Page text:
Following the UN Climate Change Conference (COP26) in Glasgow last month, the Biden Administration announced the formation of a new Energy Division within the Office of Science and Technology dedicated to the pursuit of national climate goals including the President’s previous commitment to a carbon-free electricity system by 2035. While renewables development continues to accelerate across much of the country, intermittent generation, inadequate energy storage, and inter-regional transmission constraints suggest an ongoing need for dispatchable generation in the intermediate term. As unfavorable economics continue to push coal plants into retirement, it appears gas plants are likely to fill this role, but despite having a lower carbon emissions intensity, these plants may remain a significant obstacle to full grid decarbonization by 2035. If natural gas is to remain a part of the US power supply stack, the widespread deployment of carbon capture and storage (CCS) may be required to sequester plant emissions. Today’s Energy Market Insight will explore a scenario where widespread CCS is implemented on the US natural gas fleet to achieve grid decarbonization.
The share of US fossil-fueled generation provided by coal shrank by 58% over the last decade, from 1,813 TWh in 2010 to 772 TWh in 2020. As natural gas grew to become a dominant part of the fossil generation stack, overall power sector emissions fell by 35%. Despite this promising initial reduction in emissions, limits to future coal displacement and growth of the gas fleet restrict future possible emissions reductions. Let’s assume that to reach President Biden’s 2035 decarbonization goal, regardless of economic and engineering obstacles, widespread CCS is rolled out on the US gas fleet. How would that impact natural gas power generation and natural gas demand? According to a recent report by the US Congressional Research Service, the energy costs associated with capturing and compressing CO2 from a plant’s exhaust stream represent approximately 20% of a power plant’s generating capacity. When deploying CCS at scale, this reduction in plant efficiency may create a sizable increase in the required generation (and corresponding natural gas demand) from the same gas plants required to serve demand on the grid.
Ironically, full decarbonization of the gas fleet would require increased investment in natural gas infrastructure to fill the generation shortfall associated with deploying CCS. Not only would increased power generation require a corresponding increase in gas production, but it could also require additional pipeline buildout or capacity increases, particularly in regions with limited local production. According to BTU Analytics’ base forecast from the Long Term Gas Outlook, US Lower 48 natural gas power demand is forecasted to average 31.5 Bcf/d in 2035, up from 30.2 Bcf/d in 2021. This forecast already assumes aggressive growth in renewables with wind and solar capacity more than tripling between now and 2035. Assuming 100% CCS adoption by 2035, power demand could increase up to 7.9 Bcf/d due to incremental parasitic load. If all incremental demand were to be met by US gas production, it would result in more than a 7% production increase relative to BTU Analytics’ current base forecast. For US regions without local production, this increase in gas demand will likely also require additional gas pipelines to import new supply.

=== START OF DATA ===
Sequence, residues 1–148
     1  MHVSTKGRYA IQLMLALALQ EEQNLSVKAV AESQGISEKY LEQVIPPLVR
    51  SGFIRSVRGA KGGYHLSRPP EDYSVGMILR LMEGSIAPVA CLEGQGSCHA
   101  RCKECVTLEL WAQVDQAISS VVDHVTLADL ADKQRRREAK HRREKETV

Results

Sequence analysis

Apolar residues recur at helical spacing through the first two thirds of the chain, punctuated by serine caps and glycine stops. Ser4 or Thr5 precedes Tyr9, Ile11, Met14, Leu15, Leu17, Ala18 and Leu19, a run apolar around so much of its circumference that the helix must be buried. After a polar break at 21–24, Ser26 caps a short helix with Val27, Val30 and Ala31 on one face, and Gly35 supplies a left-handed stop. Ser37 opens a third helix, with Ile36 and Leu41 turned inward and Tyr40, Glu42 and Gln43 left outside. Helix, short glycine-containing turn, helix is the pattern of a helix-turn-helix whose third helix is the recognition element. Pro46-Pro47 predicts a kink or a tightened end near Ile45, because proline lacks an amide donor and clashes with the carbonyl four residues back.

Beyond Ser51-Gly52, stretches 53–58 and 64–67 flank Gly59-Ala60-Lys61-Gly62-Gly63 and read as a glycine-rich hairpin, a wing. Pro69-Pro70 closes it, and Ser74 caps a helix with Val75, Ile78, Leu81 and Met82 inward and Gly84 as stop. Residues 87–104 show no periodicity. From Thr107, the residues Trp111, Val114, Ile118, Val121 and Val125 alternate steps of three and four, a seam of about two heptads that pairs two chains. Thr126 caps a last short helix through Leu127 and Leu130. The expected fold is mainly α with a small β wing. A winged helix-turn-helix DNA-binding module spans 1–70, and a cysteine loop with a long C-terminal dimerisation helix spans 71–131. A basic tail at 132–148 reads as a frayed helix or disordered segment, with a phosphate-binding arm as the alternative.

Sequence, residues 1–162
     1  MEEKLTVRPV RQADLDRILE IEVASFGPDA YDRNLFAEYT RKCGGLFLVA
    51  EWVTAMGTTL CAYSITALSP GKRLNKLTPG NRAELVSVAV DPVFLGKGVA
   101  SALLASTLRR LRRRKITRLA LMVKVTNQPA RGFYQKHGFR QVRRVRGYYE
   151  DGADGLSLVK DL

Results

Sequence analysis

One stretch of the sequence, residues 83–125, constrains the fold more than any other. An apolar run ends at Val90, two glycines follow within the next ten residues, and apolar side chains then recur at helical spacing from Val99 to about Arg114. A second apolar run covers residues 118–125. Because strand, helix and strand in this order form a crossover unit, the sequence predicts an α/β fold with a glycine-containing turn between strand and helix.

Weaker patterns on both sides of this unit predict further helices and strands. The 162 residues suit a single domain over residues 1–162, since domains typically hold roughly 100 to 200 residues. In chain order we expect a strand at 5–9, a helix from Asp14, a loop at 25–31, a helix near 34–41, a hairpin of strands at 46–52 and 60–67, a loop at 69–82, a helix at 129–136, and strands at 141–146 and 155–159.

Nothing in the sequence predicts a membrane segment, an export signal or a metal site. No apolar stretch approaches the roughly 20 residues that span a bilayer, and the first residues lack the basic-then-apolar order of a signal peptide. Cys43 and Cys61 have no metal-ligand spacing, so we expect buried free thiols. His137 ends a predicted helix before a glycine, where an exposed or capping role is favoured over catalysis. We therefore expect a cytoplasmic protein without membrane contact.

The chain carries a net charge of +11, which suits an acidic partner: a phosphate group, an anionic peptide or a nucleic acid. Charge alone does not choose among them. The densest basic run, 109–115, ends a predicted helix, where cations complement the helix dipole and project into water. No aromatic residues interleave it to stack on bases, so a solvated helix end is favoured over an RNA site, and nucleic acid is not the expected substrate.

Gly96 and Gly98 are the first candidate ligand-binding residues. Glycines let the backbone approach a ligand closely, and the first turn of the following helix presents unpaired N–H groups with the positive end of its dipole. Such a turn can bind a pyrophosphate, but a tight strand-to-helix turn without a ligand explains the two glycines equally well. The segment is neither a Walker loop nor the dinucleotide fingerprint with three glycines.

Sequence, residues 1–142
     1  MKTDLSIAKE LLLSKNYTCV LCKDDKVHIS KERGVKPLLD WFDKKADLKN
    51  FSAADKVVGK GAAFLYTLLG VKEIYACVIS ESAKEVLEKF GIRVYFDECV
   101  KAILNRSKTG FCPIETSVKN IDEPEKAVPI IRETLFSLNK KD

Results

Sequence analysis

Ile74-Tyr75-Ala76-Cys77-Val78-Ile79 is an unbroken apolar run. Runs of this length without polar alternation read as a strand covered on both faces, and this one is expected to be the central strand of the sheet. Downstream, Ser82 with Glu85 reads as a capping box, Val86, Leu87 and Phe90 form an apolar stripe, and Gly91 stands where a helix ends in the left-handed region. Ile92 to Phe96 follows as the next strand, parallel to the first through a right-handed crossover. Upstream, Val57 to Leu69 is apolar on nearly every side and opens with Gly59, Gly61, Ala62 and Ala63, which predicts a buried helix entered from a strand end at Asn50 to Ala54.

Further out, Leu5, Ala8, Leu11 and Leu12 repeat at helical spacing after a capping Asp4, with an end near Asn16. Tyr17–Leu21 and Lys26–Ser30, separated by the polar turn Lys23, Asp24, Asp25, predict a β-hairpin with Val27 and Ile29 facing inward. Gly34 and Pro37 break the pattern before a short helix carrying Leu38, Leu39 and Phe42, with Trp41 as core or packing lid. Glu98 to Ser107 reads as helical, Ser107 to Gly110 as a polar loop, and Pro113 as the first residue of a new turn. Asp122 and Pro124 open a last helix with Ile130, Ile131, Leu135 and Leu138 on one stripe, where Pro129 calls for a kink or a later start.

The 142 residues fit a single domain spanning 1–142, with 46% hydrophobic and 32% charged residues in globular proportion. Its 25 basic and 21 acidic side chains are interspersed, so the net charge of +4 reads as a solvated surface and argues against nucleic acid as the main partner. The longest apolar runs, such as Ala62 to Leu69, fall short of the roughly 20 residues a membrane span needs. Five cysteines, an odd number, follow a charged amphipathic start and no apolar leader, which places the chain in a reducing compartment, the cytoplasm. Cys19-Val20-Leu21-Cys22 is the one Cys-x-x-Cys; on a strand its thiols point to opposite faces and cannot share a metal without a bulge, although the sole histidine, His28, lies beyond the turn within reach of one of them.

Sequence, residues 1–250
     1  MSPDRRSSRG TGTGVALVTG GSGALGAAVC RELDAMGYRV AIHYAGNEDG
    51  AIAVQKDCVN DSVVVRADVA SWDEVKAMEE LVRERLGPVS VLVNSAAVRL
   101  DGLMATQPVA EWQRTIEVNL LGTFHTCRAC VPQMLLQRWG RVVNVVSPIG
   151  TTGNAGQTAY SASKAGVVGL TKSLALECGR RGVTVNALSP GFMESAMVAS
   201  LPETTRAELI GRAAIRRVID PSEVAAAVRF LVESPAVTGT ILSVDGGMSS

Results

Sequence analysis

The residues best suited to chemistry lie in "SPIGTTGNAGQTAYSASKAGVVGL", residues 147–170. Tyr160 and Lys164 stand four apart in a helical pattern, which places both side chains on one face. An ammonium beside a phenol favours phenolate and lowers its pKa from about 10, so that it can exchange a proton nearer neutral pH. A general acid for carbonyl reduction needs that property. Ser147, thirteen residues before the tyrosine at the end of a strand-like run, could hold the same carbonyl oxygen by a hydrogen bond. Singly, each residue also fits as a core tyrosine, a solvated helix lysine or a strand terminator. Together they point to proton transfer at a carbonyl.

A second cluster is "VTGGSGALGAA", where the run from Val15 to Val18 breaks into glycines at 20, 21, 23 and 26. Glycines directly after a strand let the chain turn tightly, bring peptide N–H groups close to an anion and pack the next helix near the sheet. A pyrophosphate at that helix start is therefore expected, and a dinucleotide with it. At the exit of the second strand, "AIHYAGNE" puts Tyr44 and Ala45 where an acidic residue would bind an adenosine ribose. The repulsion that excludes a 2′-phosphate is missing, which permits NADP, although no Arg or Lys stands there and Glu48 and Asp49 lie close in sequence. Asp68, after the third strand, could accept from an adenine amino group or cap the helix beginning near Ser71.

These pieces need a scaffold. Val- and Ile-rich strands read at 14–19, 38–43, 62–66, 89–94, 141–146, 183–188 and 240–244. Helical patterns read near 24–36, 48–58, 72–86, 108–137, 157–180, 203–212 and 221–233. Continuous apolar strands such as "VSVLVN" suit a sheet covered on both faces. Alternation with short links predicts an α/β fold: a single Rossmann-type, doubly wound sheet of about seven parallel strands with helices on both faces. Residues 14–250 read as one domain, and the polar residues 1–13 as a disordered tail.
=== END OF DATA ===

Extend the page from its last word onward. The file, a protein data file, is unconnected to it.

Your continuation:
One region that may see infrastructure constraints in such a scenario is New England. While the political climate in New England is not currently favorable to increased investment in fossil fuels, full decarbonization of the natural gas fleet would put stress on existing pipeline infrastructure. BTU Analytics’ forecast estimates an incremental 330 MMcf/d of power demand would be added to the region due to parasitic load. Currently, utilization of pipelines into New England from Appalachia and Canada is averaging 88% on an annual basis. However, utilization ticks up to 94% during the winter when demand for natural gas heating is strongest in cities like Boston. Using the maximum observed corridor capacity over the past 10 years, New England has just over 200 MMcf/d of open capacity during the winter months and approximately 400 MMcf/d of capacity annually.
While individual US regions, such as New England, may not see material demand growth relative to overall US demand, regional constraints may still lead to unintended consequences as the US pursues full decarbonization of the natural gas fleet. In addition, the interplay between power markets, emissions solutions, and the natural gas market will become increasingly important as climate goals become more ambitious. BTU Analytics provides insights on these markets through our suite of products including the Power View, the Henry Hub Outlook, and the Long Term Gas Outlook. Request a sample of our reports today by contacting us at firstname.lastname@example.org.